Meet Sian Jaquet: life coach, wife of 25 years and the newest member of our blogging team. As she celebrates her silver wedding anniversary, she shares the lessons a quarter century of marriage has taught her.
Could you do with some planning advice? Email [email protected] – each issue, Sian solves the etiquette problems of troubled brides to be.
I remember the day in intimate detail. Recalling my thoughts, my feelings and my actions takes little effort. I smile when I think of myself telling my dad to ‘just wait two minutes’ before we left for the ceremony – my corset, emblazoned with lace and pearls – was digging into my ribs. Silent panic coursed through my veins as I rummaged through my underwear drawer, trying to find a suitable alternative, only to come up with nothing and walking commando up the aisle!
Today, fewer marriages make it to 25 years than at any other time in history. So, as we reach our silver anniversary, I’m sharing insights that have helped along the way:
- Marriage is a lifelong journey in learning the art of unconditional love – it’s the one achievement I’m most proud of.
- The safest place in the world is my husband’s arms.
- Recipe for love:
Trust: without it you don’t have a marriage, you have a contract.
Love: this is the safe feather landing when the shit really hits the fan.
Respect: your life partner needs to have your back and you theirs – always!
Shared values and visions: these will keep you together forever.
Equal parts humour, romance and fun – topped off with as much loving sex as you require.
- The more frightening times were when we really talked about divorce.
- Nothing says I’m sorry as well as great sex!
- There are lots of things that make my love for him erupt: watching him sleep with our newborn child on his chest, holding him when he cries, those times he’s left me a lit candle to help me get to bed, the fact he’s checked my spelling for 25 years, when we went out clubbing for his 50th birthday, and when he went to meet my imaginary burglar in his undies at 2am.
- Find a way to make each other laugh every day. Seriously, this is your emergency sticky plaster when you feel lost and lonely in your marriage.
- Make friends with your in-laws – it’s unlikely they are ever going to change, so work on finding the sunshine in your relationship and focusing on that.
- Agree that if asked, you’ll tell the truth. ‘Yes darling, your ass does look big in that,’ and ‘Yes. You were embarrassing after one too many glasses of wine at dinner last night.’
- It’s always possible to choose love – even in the very moment you want to stab your spouse. It takes practice and the ability to step back and establish why you’re hurting so much, then working to remedy those feelings.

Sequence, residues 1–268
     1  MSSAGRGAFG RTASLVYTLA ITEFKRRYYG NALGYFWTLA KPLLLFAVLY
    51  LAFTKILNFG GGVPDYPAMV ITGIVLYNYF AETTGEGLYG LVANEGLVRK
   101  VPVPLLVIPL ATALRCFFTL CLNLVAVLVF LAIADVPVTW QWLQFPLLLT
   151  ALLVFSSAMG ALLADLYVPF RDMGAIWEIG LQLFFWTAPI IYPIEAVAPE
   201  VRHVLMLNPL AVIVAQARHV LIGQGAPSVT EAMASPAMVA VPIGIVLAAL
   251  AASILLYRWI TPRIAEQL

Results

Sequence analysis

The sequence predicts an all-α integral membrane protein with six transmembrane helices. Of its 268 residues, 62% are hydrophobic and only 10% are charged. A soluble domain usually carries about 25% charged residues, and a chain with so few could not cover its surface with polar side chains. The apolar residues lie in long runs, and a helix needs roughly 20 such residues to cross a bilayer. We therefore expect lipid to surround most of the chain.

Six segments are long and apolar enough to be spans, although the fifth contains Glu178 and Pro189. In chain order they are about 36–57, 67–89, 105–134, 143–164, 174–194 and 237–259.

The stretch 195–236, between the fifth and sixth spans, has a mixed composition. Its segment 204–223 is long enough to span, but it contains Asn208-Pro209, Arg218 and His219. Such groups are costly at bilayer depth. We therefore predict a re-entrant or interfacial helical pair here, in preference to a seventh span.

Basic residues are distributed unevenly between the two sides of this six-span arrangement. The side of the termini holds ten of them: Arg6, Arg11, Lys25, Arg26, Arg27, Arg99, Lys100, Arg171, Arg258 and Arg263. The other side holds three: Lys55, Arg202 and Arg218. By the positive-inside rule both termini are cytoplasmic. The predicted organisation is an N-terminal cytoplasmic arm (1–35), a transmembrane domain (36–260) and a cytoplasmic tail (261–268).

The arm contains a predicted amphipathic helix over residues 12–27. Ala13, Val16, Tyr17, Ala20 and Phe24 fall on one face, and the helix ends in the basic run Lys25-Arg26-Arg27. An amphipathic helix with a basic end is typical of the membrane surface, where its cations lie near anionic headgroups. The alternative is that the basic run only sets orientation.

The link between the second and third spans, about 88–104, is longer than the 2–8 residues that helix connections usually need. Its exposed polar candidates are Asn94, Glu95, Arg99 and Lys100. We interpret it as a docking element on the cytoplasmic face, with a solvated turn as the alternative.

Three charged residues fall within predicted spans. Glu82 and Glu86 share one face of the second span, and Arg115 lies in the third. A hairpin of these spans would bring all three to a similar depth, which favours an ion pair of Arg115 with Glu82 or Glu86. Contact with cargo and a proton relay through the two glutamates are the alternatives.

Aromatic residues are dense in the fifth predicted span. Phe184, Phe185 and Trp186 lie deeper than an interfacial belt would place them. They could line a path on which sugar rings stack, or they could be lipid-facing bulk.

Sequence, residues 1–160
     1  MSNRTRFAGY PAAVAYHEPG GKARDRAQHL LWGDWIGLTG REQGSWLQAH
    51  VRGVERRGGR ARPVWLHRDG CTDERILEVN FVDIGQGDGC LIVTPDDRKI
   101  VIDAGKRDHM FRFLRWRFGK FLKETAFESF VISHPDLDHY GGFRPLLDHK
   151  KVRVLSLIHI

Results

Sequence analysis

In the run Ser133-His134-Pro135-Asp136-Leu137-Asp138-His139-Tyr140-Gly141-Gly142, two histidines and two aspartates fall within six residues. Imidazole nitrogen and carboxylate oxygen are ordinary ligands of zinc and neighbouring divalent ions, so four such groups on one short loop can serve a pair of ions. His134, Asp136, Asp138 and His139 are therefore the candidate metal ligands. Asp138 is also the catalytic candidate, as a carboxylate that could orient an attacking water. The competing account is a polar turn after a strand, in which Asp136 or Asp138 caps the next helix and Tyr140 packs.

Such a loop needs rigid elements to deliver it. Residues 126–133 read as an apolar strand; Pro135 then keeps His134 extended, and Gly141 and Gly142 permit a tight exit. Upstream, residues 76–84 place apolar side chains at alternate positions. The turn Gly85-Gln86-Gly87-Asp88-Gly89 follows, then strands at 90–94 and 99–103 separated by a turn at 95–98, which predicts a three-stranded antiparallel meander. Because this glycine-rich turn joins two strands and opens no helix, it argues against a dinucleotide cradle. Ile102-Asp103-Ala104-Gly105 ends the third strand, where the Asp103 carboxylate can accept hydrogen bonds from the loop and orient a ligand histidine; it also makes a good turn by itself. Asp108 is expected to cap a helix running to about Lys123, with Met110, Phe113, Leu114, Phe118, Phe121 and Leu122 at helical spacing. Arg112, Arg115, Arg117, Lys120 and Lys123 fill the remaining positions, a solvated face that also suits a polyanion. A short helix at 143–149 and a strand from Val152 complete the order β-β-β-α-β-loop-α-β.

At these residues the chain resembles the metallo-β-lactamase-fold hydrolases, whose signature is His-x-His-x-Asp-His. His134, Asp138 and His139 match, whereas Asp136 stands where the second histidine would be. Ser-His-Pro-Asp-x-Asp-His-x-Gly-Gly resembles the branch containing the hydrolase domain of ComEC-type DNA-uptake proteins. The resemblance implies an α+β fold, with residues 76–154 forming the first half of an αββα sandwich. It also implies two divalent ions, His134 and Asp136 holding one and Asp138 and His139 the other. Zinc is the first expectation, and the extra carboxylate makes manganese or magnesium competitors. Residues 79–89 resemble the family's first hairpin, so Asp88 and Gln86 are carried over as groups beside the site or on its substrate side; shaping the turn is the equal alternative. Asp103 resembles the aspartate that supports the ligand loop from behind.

- You know you’ve backed a winner when even your own friends and family tell you they don’t know how he puts up with you.
- There are things that are worth fighting over – but try to spread them over 25 years, not all in one week.
- You never get to take a day off from marriage, wherever you are and whatever you’re doing. Your loyalty, focus and commitment is with your spouse. Always.
- Our children have been and continue to be one issue that infuses our marriage with huge pressure and joy in equal measure. Understand that you’re choosing to take on house squatters, and take comfort in knowing they will (eventually) leave.
- Acknowledge as soon as possible that being perfectly ‘understood’ isn’t actually possible.
- The irritating behaviours of theirs that you notice in the first few years do get bigger with time, yes. But so do yours.
- If you can’t disagree with quiet dignity, move house every three years to avoid the neighbours’ stares. We had to.
- Don’t share each other’s pain – someone needs to have a clear head! Stand strong and support them when they’re struggling – there will be plenty of time later to share your feelings.
- Making rational complaints about how you’re being treated inside a marriage is sometimes necessary. Just make sure you also offer a rational solution.
- Marriage, like life, is a journey, with the added benefit being that you get to sleep with your traveling companion.
- I can’t count how many times in the first 10 years I honestly believed he had control over my self esteem and happiness. He doesn’t.
- We come first, the kids second.
- Ensure you find ways every day to say I love you. It doesn’t have to be roses and diamonds – changing the bed linen and scrubbing the shower can and does touch the same spot.
- Always have photographs of special moments around your everyday space. And remember to let your heart ping as you recall the memory.
- Learn to find gratitude for your marriage. Only then do you begin to realise just how lucky you are to find lasting, respectful and unconditional love.